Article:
Go back to 1985 and Everton signed Gary Lineker for over £ 800,000 after he had scored 29 goals for Leicester City in 1984-85. Lineker had a great season for Howard Kendall’s side, netting 38 goals in 56 games, but Everton sold him to Barcelona after that solitary season for £ 2.8 million. Similarly, Tottenham, who won the double in 1960-61, signed an unhappy Jimmy Greaves from AC Milan in December 1961 for £ 99,999 and although he scored 30 goals, Spurs lost their crown as champions. Likewise, Leeds, champions in 1969, pushed the boat out to buy Allan Clarke from Leicester in the summer of 1969 and their new man scored 25 times in 1969-70, but Leeds won nothing, despite being a better side on paper.

Allan Clarke runs out for Leeds, 1970

History has shown that some teams needed to strengthen their squad but a lack of action (or money) meant their side disappointed as they set out to defend their crown – Manchester City in 1969, Arsenal 1971 and Aston Villa in 1982 all could have used some additional talent when they began their follow-up campaign. In the case of Arsenal, they signed Alan Ball halfway through the 1971-72 season, while Villa snapped-up Coventry’s Andy Blair. More recently, Arsenal’s “invincibles” of 2004 only received a £ 1.5 million reinforcement in the form of Emmanuel Eboué. Interestingly, the regular Arsenal title-winning line-up of 2003-04 had an average age of more than 28.

Manchester City, meanwhile, spent £ 285 million in 2017-18, won the title and then paid out just £ 70 million in 2018-19 for new players. When they defended their second successive title, they had a net spend of £ 88 million. There were times when Manchester United, in their pomp, spent very little in the market, but then they had a very successful youth system which provided Sir Alex Ferguson with the core of his team in the mid-1990s. In the post-Ferguson era, United have been less dynamic in the market and have signed a number of players who have not lived up to expectations.

Ferguson liked to shake things up, but also knew the value of continuity, one of the strengths of Liverpool in their 1970s and 1980s heyday. Only one player, Virgil van Dijk, started every Premier League for Liverpool in 2019-20, perhaps emphasising strategic team selection or rotation. When Liverpool won the title in 1965-66, nine players played 40-plus games in the league, while Aston Villa’s 1980-81 team included seven players who played all 42 league fixtures.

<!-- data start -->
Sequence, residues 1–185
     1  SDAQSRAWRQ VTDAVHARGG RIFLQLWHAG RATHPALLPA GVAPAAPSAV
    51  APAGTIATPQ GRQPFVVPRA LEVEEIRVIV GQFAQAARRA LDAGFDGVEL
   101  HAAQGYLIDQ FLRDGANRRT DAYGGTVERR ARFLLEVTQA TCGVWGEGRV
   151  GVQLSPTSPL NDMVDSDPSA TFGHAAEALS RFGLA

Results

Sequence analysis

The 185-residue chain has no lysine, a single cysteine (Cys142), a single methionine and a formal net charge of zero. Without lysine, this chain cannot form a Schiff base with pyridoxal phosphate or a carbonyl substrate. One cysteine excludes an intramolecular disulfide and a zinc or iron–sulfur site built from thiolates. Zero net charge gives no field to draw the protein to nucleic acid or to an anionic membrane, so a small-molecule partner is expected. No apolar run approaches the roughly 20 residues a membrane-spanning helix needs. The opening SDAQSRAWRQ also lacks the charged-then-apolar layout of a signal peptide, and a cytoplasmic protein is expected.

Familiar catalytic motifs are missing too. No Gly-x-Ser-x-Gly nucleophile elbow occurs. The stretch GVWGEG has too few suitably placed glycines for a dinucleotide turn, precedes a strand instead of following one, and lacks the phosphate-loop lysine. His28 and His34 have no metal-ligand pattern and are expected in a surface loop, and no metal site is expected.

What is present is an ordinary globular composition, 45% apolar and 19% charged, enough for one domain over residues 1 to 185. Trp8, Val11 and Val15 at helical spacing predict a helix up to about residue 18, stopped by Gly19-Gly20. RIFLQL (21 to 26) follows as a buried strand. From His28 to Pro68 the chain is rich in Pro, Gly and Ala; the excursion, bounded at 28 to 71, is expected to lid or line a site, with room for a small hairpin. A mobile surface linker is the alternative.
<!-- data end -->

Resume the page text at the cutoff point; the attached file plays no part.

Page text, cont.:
The pandemic and the lack of time between seasons may meanthere will be less of a frenzy in the transfer window, although it is a game of brinkmanship to a large degree and we can expect poker faces and cunning agents to come to the fore as time runs out. Football is an impatient game and that’s why squads change so much – everyone hopes that mass turnover can change the mediocre into the outstanding, the unlucky into the lucky. There seems little time to nurture a side, which makes a mockery of supposed two or three year plans. How many managers are given the luxury of a three-year build-up?

Making a champion team into a better one is possible with the right signings, but there is a fine balance between enhancement and disruption. It is important to keep a squad fresh, both tactically and in terms of its composition, but how do you improve teams that have averaged over 90 points each over the past three seasons? How do you spend your money wisely?

Photo: PA

Football behind closed doors is inevitable, but clubs need protection

EXPERIENCE of human nature tells us that panic and knee-jerk reactions are as infectious as the Coronavirus itself, so English football may be heading for “behind closed doors” matches just like Italy’s Serie A. The same fate could await football in Germany, Spain and other countries around Italy. Whether this strategy is effective or not is open to debate, but Italy’s decision will prompt discussions in government departments across the continent. As we have seen with financial markets and supermarkets, once a trend gets started, it spreads like wildfire.